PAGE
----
Michael Cox

(1948 – 2009)

Michael Cox: Biographical Sketch

Michael Andrew Cox (Finedon, Northamptonshire, England, October 23, 1948 – Kettering, Northamptonshire, England, March 31, 2009) was an English biographer, novelist, musician, and former Senior Commissioning Editor of reference books for Oxford University Press.  In addition to the various anthologies of Victorian literature that Cox edited, he is best known for his novel The Meaning of Night, whose publication rights were sold to John Murray (a subdivision of Hodder Headline) for the record sum of £430,000 in January 2005, after a hotly contested UK auction.

Cox studied English and graduated from St. Catharine’s College, Cambridge in 1971.  Having initially intended to be an academic, he then however signed a contract with EMI and published two albums and several singles under the pseudonym Matthew Ellis. He also recorded an album for DJM as Obie Clayton.

In 1977, Cox joined Thorsons Publishing Group (later part of Harper Collins).  His first book (1983) was a biography of the Victorian ghost story writer M.R. James.  Between 1983 and 1997 he compiled and edited several anthologies of (chiefly, but not exclusively Victorian) short stories for Oxford University Press.  In 1989 Cox joined Oxford University Press, where he became senior commissioning editor and there compiled two encyclopedias, A Dictionary of Writers and their Works (1991) and The Oxford Chronology of English Literature (2002).

His first novel, The Meaning of Night, was published in 2006 and was shortlisted for the 2007 Costa first novel award. Inspired by authors such as Charles Dickens (a childhood favorite), Wilkie Collins, and Mary Elizabeth Braddon, this thriller is set in a dirty, corrupting 1850s London, and an idyllic country estate named Evenwood.  The completion of The Meaning of Night – a writing project that he had been contemplating for more than 30 years – was brought on by a diagnosis of the recurrence of a rare form of cancer, which Cox feared would render him blind and unable to write.  Cox finished and successfully sold both this novel and a sequel, The Glass of Time (set twenty years later), but died of cancer on March 31, 2009 before he had the opportunity to complete the third book of what he had intended to be a trilogy of novels.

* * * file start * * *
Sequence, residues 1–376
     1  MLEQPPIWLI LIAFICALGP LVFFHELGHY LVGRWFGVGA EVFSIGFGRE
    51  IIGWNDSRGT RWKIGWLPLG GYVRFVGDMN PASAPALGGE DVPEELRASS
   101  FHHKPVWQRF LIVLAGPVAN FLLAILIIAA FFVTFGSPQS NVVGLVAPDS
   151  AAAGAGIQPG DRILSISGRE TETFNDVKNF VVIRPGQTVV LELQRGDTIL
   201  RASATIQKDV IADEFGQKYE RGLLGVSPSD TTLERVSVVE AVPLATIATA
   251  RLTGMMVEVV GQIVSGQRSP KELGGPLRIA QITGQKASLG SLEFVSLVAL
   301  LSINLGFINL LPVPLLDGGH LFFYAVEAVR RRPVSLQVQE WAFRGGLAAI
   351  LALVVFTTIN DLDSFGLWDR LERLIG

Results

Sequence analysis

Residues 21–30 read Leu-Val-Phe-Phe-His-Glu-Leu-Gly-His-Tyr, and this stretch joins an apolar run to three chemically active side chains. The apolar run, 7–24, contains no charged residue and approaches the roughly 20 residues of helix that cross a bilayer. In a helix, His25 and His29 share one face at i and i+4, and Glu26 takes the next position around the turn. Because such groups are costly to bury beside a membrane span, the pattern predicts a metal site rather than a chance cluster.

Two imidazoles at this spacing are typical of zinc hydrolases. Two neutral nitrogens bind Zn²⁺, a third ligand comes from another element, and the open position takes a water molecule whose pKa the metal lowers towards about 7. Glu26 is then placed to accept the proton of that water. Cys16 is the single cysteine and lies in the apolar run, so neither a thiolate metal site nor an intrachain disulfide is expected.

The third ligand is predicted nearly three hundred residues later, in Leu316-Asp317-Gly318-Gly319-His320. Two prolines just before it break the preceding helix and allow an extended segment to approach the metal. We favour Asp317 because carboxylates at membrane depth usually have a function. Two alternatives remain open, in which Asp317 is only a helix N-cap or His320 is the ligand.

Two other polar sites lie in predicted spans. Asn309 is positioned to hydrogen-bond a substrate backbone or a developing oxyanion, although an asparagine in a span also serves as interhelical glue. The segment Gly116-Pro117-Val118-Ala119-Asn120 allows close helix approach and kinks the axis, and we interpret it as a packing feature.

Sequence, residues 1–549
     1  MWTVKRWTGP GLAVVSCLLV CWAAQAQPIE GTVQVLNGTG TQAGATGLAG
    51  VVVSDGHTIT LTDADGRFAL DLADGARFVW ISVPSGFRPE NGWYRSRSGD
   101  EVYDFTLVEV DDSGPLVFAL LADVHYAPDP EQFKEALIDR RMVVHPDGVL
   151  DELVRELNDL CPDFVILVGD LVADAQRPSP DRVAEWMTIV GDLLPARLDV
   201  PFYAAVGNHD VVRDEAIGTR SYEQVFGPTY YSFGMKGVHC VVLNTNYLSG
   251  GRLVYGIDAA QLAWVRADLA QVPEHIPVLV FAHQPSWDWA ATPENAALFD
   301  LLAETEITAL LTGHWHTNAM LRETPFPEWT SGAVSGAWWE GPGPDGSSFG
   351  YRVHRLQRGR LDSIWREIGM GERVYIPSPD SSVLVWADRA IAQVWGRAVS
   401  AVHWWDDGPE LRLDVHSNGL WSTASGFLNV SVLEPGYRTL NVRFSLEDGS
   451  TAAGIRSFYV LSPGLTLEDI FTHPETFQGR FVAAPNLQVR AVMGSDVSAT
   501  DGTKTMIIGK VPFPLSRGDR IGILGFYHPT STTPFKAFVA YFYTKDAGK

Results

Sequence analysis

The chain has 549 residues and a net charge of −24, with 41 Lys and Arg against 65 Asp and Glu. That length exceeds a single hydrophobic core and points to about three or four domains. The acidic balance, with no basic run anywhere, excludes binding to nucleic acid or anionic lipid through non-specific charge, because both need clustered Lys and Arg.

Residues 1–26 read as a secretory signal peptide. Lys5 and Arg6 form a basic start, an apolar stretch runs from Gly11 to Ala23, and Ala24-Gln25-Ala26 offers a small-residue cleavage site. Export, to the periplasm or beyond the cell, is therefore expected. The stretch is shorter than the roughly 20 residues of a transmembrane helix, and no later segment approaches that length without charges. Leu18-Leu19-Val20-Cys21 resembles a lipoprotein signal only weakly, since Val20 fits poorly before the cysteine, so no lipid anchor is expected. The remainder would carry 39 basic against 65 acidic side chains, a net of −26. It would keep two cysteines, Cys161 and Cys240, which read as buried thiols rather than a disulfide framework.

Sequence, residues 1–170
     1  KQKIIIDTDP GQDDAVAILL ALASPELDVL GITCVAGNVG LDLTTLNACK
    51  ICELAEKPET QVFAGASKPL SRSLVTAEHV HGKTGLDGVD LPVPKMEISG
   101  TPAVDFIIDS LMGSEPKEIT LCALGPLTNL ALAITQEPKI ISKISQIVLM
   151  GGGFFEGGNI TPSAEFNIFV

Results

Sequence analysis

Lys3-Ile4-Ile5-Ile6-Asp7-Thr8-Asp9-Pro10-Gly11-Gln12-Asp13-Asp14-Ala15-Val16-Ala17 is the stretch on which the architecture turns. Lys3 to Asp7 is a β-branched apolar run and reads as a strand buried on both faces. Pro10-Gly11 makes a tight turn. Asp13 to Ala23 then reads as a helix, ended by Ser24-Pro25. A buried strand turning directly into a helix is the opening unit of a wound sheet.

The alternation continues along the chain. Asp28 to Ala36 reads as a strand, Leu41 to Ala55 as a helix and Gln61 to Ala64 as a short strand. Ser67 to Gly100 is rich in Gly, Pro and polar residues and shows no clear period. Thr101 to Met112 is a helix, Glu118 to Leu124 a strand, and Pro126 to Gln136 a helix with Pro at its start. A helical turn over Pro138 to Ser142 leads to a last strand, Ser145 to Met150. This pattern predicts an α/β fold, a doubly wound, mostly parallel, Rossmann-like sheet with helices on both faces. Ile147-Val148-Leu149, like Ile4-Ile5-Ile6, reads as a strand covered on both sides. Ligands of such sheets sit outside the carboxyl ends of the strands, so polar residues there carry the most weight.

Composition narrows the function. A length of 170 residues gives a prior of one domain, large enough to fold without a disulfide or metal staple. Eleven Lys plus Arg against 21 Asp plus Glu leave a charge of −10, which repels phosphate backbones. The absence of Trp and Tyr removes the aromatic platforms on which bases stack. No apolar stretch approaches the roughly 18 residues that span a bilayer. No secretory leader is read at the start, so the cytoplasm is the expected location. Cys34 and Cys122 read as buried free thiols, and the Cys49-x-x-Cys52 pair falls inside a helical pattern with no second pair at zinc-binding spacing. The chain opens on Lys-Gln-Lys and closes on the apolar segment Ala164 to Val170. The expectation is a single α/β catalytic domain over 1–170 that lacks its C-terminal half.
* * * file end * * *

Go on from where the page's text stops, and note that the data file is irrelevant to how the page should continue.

Read more about Michael Cox on Wikipedia.



  • The Oxford Book of English Ghost Stories (1986)
    – Editor, with R.A. Gilbert.
  • The Oxford Book of Victorian Ghost Stories (1991)
    – Editor, with R.A. Gilbert.
  • Victorian Tales of Mystery and Detection: An Oxford Anthology (1992)
    – Editor.
  • The Oxford Book of Historical Stories (1994)
    – Editor, with Jack Adrian.
  • The Oxford Book of Twentieth-Century Ghost Stories (1996)
    – Editor.
  • The Oxford Book of Spy Stories (1996)
    – Editor.
  • 12 Victorian Ghost Stories (1997)
    – Editor.
  • 12 Tales of the Supernatural (1997)
    – Editor.
  • Twelve English Detective Stories (1999)
    – Editor.
  • The Subversive Vegetarian: Tactics, Information, And Recipes For The Conversion Of Meat Eaters (1980)
  • MR James: An Informal Portrait (1983)
  • The New Vegetarian: The Complete Survival Plan for Those Who Have Given Up Meat (1985)
  • A Dictionary of Writers and their Works (1991)
  • The Oxford Chronology of English Literature (2002)
    – Abbreviated version published as The Concise Oxford Chronology of English Literature (2004).


A Selection of Quotes

The Meaning of Night

“For Death is the meaning of night;
The eternal shadow
Into which all lives must fall,
All hopes expire.”

“After killing the red-haired man, I took myself off to Quinn’s for an oyster supper.”

“I had retained little of what is generally called religion, except for a visceral conviction that our lives are controlled by some universal mechanism that is greater than ourselves. Perhaps that was what others called God. Perhaps not.”

“It is trite to speak of a broken heart. Hearts are not broken; they continue to beat, the blood still courses, even in the bitter after-days of betrayal. but something is broken when pain beyond words is suffered; some connection that formerly existed with light and hope and bright mornings is severed, and can never be restored.”

“The summer passed quietly. I busied myself as best I could, reading a good deal.”

“But greater than all these delights would be the possession of this wondrous library for my own use and pleasure. What more could my bibliophile’s soul ask for? Here were marvels without end, treasures beyond knowing. You have seen the worst of me in these confessions. Here, then, let me throw into the opposite side of the balance, what I truly believe is the best of me: my devotion to the mental life, to those divine faculties of intellect and imagination which, when exercised to the utmost, can make gods of us all.”

Find more quotes by Michael Cox on Goodreads.